Violence in videogames 'does not sell software'

Rockstar has come under heavy fire from the 'anti-violence-in-games' lobby, but a new report claims most gamers are not motivated by violent content

It's not the violent content in games that motivates gamers to buy interactive entertainment software, claims a new study.

The conclusion is based on results gathered by University of Rochester researchers in association with the Florida-based consultancy Immersyve. They conducted two surveys of 2,670 hardcore gamers and four experiments involving over 300 undergraduates.

Scott Rigby, president of Immersyve, said, "Much of the debate about game violence has pitted the assumed commercial value of violence against social concern about the harm it may cause.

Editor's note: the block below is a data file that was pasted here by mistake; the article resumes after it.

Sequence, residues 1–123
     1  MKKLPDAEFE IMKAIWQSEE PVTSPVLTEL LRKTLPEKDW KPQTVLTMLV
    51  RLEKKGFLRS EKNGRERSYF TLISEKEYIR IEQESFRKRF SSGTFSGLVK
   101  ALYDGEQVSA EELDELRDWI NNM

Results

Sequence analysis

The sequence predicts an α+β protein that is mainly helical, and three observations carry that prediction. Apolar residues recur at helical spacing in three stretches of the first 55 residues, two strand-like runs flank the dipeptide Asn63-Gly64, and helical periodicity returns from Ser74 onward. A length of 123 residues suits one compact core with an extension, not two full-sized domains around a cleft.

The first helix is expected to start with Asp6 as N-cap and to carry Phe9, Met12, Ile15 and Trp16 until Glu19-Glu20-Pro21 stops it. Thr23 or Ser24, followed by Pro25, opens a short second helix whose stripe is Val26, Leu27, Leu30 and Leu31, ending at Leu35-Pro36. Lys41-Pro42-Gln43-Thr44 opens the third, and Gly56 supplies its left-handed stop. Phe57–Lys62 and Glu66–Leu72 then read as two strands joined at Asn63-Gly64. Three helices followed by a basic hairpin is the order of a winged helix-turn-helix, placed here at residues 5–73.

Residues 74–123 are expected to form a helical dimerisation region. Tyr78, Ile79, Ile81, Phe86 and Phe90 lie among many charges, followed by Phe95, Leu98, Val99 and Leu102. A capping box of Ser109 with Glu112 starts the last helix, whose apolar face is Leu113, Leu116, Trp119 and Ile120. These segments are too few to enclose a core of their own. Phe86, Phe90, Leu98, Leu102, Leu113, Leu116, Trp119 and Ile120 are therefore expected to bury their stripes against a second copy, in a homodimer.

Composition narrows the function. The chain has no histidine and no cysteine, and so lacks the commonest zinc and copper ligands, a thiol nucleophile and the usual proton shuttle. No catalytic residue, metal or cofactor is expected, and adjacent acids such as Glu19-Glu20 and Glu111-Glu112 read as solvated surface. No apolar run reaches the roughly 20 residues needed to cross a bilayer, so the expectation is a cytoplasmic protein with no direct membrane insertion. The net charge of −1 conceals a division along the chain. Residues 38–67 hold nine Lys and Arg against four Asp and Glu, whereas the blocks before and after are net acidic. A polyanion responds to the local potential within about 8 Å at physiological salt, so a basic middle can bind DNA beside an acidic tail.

"Our study shows that violence may not be the real value (element), freeing developers to design away from violence while at the same time broadening their market," he concluded.

Don't tell Rockstar!

"We wanted to know if the violent content by itself was motivating, because these games also offer compelling challenges and stories," said the report's author Andrew Przybylski.

The study looked at the motivations behind playing games such as World of Warcraft, Halo 3 and Team Fortress 2.

"For the vast majority of players, even those who regularly play and enjoy violent games, violence was not a plus," said Przybylski. "Violent content was only preferred by a small subgroup of people that generally reported being more aggressive… On average, violent content didn't add to the motivation for play."

The research findings are being published in the journal, Personality and Social Psychology Bulletin.